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Ferguson unveils buyback as softer US sales disappoint

Revenue growth softened to 6.2% in the third quarter from 8.2% in the first half of the year.
US rainfall in the past quarter was exceptional, which disrupted Ferguson's key construction market

Ferguson Plc (LON:FERG) failed to win investors over with a US$500mln share buyback as the market reacted with disappointment to organic sales growth slowing in the third quarter.

Revenue of US$5.3bn was generated in the three months to 30 April, which was up 6.2% compared to the same period last year, or an increase of 2.7% on an organic basis.

READ: Ferguson to shift headquarters to the UK as it sees profits at lower end of market forecasts

This compared to top-line growth of 8.2% and organic growth of 6.5% in the first half of the year, with US organic growth softening to 3.3% from around 10% in the first half, which was consistent with guidance given in March that the second half would see group growth slow to 3-5%.

Trading profit rose 2.3% to US$359mln as gross margins continued to improve and operating costs were controlled, though were slightly softer than in the first half.

Chief executive John Martin said: “We are confident that Ferguson will continue to make progress as we remain firmly focused on delivering superior customer service. We expect to generate ongoing Group trading profit in the year ended 31 July 2019 in line with current analysts' consensus forecasts.”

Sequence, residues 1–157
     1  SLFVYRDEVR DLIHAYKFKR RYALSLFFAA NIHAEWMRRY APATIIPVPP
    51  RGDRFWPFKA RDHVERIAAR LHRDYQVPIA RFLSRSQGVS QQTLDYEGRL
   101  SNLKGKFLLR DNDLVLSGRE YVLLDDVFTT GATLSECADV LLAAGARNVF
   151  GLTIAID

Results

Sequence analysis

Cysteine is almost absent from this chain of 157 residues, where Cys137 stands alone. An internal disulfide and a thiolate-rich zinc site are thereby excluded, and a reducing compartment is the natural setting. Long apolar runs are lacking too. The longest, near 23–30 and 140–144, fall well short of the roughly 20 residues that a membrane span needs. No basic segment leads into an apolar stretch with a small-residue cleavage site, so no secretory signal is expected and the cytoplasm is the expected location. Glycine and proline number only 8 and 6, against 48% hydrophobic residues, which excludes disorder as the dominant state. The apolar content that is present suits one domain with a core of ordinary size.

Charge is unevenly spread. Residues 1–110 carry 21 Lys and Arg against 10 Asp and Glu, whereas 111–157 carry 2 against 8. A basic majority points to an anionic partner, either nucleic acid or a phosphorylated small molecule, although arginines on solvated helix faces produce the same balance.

The average City forecast points to Ferguson making a 2019 trading profit of US$1.59bn.

READ: Ferguson sell-off overdone, says JP Morgan as it upgrades rating after first-half results

The share buyback, which will be carried out over the coming 12 months, was announced following a continued period of strong cash flow, with operating cash generation of US$632mln in the quarter with a ratio of net debt to EBITDA of 0.9 times from 1.1 times in the first half.

Ferguson also confirmed that non-executive director Geoff Drabble, best known as former chief executive of fellow FTSE 100 constituent Ashtead Group PLC (LON:AHT), would step up to the chairman’s role at the annual shareholder meeting in November.

Broker Liberum said: "Management has chosen not to blame the weather, but we note that US rainfall in the quarter was exceptional, which has disrupted construction somewhat, at the same time as there was a natural lull in growth rates caused in part by the rising rate environment at the end of the 2018 calendar year."

Shares in the company were down almost 4% to 5,140p on Monday morning.

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